Written byShiladitya Ray ·
With the growing gaming industry having touched $138bn in 2018, Google's entry could see the industry getting turned on its head.
Here are the details.
According to a report by 9to5Google, the search giant is slated to unveil game streaming service powered by Project Stream technology, and hardware to go along with it.
The unveiling will take place during the Game Developers Conference (GDC) in San Francisco on March 19.
Together, the streaming service will let users stream high-end games on low-end hardware, thereby creating a 'Netflix for games'.
In October last year, Google had opened a beta trial for its Project Stream platform.
The trial, which allowed users to play the extremely demanding Assassin's Creed Odyssey in the Chrome browser for Mac, Windows, Linux, and Chrome OS, ended in January this year.
Users were only required to have a PC, a controller, and a 25 Mbps internet connection to play the game in 1080p at 60fps.
For perspective, playing Assassin's Creed Odyssey on a PC on max settings would require a user to have an top-end hardware like an Intel Core i7-3770 @ 3.5 GHz processor, an NVIDIA GeForce GTX 970 (4GB) GPU, and at least 8GB RAM. Such hardware would cost hundreds of dollars.
Google's plans to unveil Project Stream and associated hardware is seen as part of its larger efforts, dubbed 'Project Yeti', to enter the gaming industry.
Once Google unveils its game streaming platform, there's also a possibility that the search giant could sell gaming controllers unique to its platform.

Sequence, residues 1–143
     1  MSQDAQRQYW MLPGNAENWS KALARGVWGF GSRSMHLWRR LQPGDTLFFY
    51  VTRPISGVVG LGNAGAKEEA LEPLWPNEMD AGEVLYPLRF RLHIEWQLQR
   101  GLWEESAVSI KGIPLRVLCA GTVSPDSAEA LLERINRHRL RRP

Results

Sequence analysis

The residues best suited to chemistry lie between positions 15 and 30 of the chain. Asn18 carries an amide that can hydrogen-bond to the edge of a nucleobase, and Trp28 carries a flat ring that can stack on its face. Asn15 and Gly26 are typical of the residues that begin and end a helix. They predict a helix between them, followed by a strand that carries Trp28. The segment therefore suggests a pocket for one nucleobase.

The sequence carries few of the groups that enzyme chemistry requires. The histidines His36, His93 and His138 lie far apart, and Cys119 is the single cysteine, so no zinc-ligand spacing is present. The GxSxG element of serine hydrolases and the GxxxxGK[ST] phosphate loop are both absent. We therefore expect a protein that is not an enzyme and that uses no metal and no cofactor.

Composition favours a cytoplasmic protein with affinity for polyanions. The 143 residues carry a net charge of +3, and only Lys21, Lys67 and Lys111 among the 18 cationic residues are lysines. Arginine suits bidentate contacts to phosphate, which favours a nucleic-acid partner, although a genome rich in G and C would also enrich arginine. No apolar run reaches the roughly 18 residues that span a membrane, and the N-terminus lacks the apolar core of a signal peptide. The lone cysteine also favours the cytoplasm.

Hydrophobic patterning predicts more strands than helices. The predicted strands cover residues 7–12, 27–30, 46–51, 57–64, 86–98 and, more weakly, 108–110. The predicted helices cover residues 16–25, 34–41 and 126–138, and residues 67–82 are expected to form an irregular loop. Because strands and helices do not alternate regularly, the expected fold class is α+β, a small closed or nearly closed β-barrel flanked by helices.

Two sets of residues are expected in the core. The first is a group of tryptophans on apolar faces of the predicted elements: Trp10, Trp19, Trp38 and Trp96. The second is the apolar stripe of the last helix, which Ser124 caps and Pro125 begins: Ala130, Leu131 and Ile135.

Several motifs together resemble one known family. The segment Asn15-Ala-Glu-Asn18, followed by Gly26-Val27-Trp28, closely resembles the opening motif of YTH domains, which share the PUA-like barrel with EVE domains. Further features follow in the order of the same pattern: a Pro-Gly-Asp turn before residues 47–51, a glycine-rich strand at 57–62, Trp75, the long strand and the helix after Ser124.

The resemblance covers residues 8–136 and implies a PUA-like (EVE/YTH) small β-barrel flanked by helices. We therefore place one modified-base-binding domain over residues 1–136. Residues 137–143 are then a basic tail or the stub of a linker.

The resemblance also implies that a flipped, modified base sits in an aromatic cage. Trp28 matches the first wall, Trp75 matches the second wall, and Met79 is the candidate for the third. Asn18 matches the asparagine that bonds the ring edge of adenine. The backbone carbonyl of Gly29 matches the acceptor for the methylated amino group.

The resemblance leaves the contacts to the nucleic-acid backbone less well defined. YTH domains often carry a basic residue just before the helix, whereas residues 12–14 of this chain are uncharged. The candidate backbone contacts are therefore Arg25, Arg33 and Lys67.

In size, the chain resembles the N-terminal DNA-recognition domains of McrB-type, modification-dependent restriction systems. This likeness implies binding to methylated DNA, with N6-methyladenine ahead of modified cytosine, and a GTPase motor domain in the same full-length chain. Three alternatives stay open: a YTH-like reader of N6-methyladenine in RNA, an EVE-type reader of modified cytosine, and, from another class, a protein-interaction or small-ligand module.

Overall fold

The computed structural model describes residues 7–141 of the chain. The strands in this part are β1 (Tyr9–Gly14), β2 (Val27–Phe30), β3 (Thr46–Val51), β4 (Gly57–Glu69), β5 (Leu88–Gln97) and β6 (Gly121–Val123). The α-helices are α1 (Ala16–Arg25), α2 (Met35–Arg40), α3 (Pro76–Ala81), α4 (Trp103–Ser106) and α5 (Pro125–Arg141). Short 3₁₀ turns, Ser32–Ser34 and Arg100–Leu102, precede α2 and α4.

Further, a hardware component to get the streaming platform working on televisions is also reportedly under development.
Reportedly, Google's game streaming platform could also include in-game chat capabilities, but it is unknown whether such capabilities will exist in the form of voice or texts.
Yet, the most noteworthy aspect about Google's foray into gaming is its revolutionary potential.
As it stands, new video games require dedicated consoles or high-end gaming PCs to run, both of which can be quite the pocket pinch.
By eliminating hardware requirements and streaming games by leveraging its cloud backend, Google could stand to revolutionize the industry, like streaming did for music and movies.
However, Google isn't the only one looking revolutionize the gaming industry.
Reportedly, Apple, too, is working on a similar game streaming platform that will provide access to hundreds of games in exchange for a small monthly subscription fee. It is also looking to become an exclusive 'publisher for certain titles'.
That said, Google might be the first to achieve the milestone.
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